The Role of the Gut Microbiome In Bone and Joint

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Osteoporosis and osteoarthritis affect millions of people worldwide every year. Osteoporosis related fractures totaled 8.9 million worldwide annually and osteoarthritis affects over 30 million people in the US alone. Recently, the gut microbiome has been identified as a factor that can influence chronic conditions associated with bone and joint disease such as obesity, diabetes, metabolic syndrome, inflammatory bowel diseases, and malnutrition. Though the gut microbiome is studied extensively in relation to metabolic diseases and disorders, the role of the gut microbiome in the development and progression of bone and joint disease is largely unexplored. Recent evidence suggests that the gut microbiome can influence bone mass, however no studies have determined if the mechanical performance of the bone is influenced by the gut microbiome. Therefore, first, we characterize how alterations to the gut microbiome can influence whole bone mechanical performance at skeletal maturity. We evaluate alterations in the gut microbiome caused by genotypic alteration and chronic treatment with antibiotics. Our results demonstrate that disruption of the gut microbiome with antibiotics is associated with reductions in cortical bone mass and whole bone strength, as well as drastic shifts in the composition of the gut microbiome. Furthermore, the changes in whole bone strength are greater than can be explained by the associated changes in bone mass and geometry, suggesting impaired bone tissue material properties in mice with an altered gut microbiome due to genotypic alteration and chronic antibiotic treatment. Next, we evaluate the changes in bone tissue composition caused by alterations in the gut microbiome. Additionally, we investigate how the functional profile of the gut microbiome can influence bone tissue material properties through several potential pathways: 1) regulation of nutrient and vitamin absorption/synthesis; 2) regulation of the immune system; 3) translocation of bacterial products. Our results demonstrate that disruption of the gut microbiome with antibiotics causes changes in bone mineral crystallinity, and that the effect is different per mouse genotype. Furthermore, we show that the functional capacity of the gut microbiome is dramatically altered in mice treated with antibiotics. A pathway involving vitamin K, a factor important for bone health, and associated with fracture risk, is suspected as changes in microbial gene pathways for vitamin K synthesis are disrupted leading to reduced vitamin K levels in organs. Last, we evaluate how alterations in the gut microbiome may influence the development and severity of load-induced osteoarthritis. Here we investigate obesity and metabolic syndrome, two conditions associated with an altered gut microbiome and an increased risk of developing osteoarthritis (OA). We use a mouse model of metabolic syndrome dependent on the gut microbiome, a mouse model of severe obesity/diabetes, and an in vivo non-invasive loading model to induce osteoarthritis-like pathology. Our results demonstrate that metabolic syndrome in the current mouse model does not increase load-induced cartilage damage, while severe obesity leads to increases in cartilage damage, though only after a prolonged loading period. The increased cartilage damage in severely obese mice is associated with increased adiposity, systemic inflammation, and bacterial lipopolysaccharide. We also demonstrate that disruption of the gut microbiome in the metabolic syndrome mice is associated with decreased load-induced cartilage damage, as well as changes in subchondral bone properties. Together, the current work suggests the gut microbiome influences both the structure and composition of bone, and can influence the development of osteoarthritis. The current work helps to establish a promising foundation for future lines of investigation evaluating how the gut microbiome influences bone and joint and suggests that there may be a future use for manipulating the gut microbiome in therapies to treat and prevent bone and joint disease.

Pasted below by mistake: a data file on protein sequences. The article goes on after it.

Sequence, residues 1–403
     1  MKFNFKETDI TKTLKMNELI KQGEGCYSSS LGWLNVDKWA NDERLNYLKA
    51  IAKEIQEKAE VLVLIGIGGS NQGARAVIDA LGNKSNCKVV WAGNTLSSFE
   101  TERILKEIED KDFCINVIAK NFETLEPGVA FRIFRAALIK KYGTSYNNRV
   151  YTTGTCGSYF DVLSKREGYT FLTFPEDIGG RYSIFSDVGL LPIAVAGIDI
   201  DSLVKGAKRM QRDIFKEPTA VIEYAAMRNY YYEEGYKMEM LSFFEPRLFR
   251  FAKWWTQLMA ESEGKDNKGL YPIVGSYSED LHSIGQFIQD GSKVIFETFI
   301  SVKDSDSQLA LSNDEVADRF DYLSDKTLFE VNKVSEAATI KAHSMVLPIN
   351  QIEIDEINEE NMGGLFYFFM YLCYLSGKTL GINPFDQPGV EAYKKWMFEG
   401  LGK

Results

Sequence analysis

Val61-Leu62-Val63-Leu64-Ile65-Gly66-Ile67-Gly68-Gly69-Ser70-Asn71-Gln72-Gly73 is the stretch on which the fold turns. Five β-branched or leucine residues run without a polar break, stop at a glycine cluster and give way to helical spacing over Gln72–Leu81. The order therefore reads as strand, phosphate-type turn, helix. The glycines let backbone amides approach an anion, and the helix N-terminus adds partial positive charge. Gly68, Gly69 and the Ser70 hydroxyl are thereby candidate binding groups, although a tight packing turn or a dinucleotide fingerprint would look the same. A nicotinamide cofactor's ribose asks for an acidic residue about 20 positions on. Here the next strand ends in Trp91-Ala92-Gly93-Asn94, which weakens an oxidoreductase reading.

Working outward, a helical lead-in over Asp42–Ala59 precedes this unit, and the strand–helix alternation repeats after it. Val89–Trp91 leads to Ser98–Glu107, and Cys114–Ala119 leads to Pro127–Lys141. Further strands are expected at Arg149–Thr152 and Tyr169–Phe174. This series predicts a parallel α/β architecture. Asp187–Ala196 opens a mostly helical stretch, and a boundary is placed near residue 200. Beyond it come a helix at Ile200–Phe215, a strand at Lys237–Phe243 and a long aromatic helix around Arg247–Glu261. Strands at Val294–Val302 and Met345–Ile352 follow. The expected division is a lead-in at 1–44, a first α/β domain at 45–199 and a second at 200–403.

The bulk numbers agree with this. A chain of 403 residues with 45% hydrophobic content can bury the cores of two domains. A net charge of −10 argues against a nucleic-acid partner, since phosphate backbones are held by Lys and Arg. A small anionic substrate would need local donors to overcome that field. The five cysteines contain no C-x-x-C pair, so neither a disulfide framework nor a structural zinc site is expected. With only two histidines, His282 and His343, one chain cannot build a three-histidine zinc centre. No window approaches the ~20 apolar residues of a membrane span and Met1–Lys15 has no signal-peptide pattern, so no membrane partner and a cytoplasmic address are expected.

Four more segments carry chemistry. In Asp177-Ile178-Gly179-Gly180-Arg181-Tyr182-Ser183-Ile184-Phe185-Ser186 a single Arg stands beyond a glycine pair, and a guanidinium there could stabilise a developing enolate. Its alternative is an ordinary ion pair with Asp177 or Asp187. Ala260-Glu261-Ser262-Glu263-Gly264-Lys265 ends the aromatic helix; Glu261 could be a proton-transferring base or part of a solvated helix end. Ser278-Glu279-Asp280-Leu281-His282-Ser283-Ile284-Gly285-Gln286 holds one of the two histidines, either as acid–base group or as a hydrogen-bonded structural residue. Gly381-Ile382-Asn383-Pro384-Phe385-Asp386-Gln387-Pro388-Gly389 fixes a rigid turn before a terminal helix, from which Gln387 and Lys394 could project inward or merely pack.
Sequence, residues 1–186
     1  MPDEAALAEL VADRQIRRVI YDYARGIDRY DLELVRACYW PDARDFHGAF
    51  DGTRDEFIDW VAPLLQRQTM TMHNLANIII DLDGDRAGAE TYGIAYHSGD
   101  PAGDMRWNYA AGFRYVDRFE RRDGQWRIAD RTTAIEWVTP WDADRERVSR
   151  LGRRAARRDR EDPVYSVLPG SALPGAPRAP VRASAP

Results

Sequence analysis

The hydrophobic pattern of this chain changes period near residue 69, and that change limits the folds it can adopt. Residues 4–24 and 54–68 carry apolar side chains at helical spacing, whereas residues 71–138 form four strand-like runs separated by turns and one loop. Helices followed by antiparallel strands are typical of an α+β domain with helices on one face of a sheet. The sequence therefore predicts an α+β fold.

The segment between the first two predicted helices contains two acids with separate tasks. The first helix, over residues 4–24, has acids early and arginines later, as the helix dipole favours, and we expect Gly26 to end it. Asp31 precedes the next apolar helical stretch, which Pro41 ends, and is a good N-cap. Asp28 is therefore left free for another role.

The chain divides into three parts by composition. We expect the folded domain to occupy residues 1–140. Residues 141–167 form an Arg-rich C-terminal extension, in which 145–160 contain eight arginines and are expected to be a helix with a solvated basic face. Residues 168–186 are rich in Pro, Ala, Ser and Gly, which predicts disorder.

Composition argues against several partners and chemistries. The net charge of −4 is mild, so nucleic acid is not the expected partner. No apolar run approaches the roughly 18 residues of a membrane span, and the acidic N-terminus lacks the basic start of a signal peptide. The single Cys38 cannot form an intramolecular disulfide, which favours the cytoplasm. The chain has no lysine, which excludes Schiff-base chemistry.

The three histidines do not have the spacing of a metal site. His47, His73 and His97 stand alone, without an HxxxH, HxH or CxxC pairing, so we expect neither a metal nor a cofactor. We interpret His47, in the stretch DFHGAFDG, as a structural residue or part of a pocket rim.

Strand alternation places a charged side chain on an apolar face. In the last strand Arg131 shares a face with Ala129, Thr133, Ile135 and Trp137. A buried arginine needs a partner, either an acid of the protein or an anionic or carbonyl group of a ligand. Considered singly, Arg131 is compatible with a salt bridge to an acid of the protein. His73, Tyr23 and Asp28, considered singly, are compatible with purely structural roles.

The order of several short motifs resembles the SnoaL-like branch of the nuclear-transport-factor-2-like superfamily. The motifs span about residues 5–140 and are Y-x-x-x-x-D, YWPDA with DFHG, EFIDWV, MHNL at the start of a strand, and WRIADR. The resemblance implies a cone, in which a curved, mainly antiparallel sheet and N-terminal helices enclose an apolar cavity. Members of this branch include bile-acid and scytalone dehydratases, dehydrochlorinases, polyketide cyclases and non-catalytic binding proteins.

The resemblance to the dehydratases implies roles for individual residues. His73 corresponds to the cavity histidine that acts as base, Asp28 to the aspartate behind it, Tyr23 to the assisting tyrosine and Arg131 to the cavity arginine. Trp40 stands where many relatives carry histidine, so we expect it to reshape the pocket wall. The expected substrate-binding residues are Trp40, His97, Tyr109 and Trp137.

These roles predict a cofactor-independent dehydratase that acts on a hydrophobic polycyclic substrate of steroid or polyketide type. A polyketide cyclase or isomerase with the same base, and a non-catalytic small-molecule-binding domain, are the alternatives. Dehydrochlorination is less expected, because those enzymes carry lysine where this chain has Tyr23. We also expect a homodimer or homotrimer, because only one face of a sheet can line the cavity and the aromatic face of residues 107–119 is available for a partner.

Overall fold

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Biomechanics; bone; Biomedical engineering; Bone Quality; Gut Microbiome; Ostoeporosis
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Hernandez, Christopher J.
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van der Meulen, Marjolein
Goldring, Steven Reyburn
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Biomedical Engineering
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Ph. D., Biomedical Engineering
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Doctor of Philosophy
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Government Document
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dissertation or thesis
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